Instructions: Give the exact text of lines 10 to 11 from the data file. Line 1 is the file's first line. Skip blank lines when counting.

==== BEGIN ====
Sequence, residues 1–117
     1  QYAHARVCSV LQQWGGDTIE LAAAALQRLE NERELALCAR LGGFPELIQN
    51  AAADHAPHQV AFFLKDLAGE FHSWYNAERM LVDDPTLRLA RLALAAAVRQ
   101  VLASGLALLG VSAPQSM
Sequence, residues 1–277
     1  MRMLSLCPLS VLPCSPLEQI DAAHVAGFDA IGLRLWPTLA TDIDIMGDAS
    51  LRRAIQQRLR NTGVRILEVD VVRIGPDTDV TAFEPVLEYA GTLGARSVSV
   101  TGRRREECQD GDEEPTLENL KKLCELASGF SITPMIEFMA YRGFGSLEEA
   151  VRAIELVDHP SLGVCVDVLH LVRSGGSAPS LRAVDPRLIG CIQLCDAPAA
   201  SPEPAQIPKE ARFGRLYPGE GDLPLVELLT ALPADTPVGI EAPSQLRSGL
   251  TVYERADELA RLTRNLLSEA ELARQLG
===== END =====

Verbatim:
   201  SPEPAQIPKE ARFGRLYPGE GDLPLVELLT ALPADTPVGI EAPSQLRSGL
   251  TVYERADELA RLTRNLLSEA ELARQLG